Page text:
The spike in RSV cases is likely because of lockdown, the HSE’s Group Lead for Children and Young People has said.
Respiratory syncytial virus (RSV) - also known as Bronchiolitis - is a chest infection contracted by young children and babies. Most cases are mild but some patients do end up in hospital.
Between 13th and 20th November there were 731 reported cases of the virus - including 290 hospitalisations - and Dr Ciara Martin said that the numbers are far higher than they would have been in previous years.
“So for example, last season, our spike would have been about 500 as the maximum,” she told The Pat Kenny Show.
“We would have seen the number of cases and similarly hospital case numbers would have been about 250 thereabouts and then it fell.
“But this year we’re seeing much higher numbers than that.”
The pandemic played havoc with the health service in so many ways and Dr Martin believes this is just another repercussion from COVID-19.
“The theory this time and last year as well - because last year was a spike as well - is that we just have a significant cohort of children who just have not met this virus before because of lockdown and precautions taken during COVID,” she said.
“So, they wouldn’t have been in contact with other children and they wouldn’t have picked it up as a routine virus that children meet regularly.”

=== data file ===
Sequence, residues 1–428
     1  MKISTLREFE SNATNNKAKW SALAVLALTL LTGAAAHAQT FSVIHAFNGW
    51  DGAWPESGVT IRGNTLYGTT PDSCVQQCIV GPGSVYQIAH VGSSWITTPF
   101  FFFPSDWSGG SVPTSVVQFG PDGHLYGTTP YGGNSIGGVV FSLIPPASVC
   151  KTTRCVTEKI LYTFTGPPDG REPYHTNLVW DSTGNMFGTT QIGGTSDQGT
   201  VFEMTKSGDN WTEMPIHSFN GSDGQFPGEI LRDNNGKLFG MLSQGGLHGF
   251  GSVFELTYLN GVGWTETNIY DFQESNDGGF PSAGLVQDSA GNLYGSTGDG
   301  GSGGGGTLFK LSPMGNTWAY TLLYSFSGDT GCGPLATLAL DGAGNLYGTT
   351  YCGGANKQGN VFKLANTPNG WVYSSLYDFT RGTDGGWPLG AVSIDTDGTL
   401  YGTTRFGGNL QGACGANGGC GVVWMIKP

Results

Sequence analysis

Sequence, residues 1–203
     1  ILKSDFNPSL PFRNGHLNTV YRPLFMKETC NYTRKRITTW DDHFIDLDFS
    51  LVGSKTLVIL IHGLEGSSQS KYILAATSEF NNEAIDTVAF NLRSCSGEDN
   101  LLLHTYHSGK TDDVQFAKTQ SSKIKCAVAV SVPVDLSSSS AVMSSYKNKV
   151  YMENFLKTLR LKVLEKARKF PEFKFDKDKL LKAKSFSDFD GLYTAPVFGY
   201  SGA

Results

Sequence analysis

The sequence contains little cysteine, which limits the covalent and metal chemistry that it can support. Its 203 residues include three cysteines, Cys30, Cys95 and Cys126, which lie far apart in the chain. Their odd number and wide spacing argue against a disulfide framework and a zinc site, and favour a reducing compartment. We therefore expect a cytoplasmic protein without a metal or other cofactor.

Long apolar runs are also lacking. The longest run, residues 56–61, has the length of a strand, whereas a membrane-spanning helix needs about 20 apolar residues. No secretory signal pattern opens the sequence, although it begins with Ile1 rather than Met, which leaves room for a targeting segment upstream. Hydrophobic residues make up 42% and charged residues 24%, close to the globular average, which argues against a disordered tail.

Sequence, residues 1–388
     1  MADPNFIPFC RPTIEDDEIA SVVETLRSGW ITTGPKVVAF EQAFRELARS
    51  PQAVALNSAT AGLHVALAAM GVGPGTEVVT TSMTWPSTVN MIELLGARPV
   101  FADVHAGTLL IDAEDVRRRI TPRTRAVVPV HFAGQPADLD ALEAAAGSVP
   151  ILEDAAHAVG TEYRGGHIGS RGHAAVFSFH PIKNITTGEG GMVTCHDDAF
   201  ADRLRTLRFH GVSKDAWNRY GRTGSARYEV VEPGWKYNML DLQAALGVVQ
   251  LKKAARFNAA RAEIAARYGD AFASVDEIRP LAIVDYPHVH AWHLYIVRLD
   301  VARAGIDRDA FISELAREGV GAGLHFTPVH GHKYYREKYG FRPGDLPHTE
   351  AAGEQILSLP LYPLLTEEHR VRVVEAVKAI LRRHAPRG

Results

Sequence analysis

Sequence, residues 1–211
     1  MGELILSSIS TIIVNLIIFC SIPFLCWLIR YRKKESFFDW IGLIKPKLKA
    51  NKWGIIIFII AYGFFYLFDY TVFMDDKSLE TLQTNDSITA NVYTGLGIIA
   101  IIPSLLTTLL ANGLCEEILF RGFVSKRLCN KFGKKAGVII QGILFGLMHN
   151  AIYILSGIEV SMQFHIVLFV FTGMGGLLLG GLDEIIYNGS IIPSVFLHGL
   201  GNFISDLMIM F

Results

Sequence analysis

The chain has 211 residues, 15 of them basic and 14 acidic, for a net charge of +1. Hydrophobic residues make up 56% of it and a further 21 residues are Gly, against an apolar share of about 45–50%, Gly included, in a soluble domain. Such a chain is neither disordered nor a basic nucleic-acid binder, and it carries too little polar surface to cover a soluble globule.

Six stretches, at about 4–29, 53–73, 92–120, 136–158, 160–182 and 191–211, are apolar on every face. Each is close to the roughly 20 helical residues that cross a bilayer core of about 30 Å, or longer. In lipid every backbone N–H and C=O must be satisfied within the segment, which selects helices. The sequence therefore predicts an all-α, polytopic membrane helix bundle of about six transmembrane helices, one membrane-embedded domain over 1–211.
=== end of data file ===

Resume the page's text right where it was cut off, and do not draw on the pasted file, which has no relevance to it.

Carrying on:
Similar to a cold
Dr Martin said the virus is “more or less a cold” for most children and said the symptoms to watch out for are similar.
“What do you see is a runny nose, coughing, sneezing, maybe a high temperature or maybe your child might sound wheezy,” she said.
“And they’re certainly not eating or drinking as much; they [the symptoms] are all quite non-specific but that kind of cough/cold kind of symptoms that you see.
“Particularly, in small babies because they have smaller airwaves, so their breathing rate may be up or they may not be able to finish their whole bottle.”
Most children begin to recover within four days and Dr Martin emphasised that most children do not require hospital care.
If you think your child has RSV, the HSE recommends you contact your GP.
Main image: An intensive care nurse cares for a patient suffering from respiratory syncytial virus (RS virus or RSV). Picture by: Marijan Murat/dpa/Alamy Live News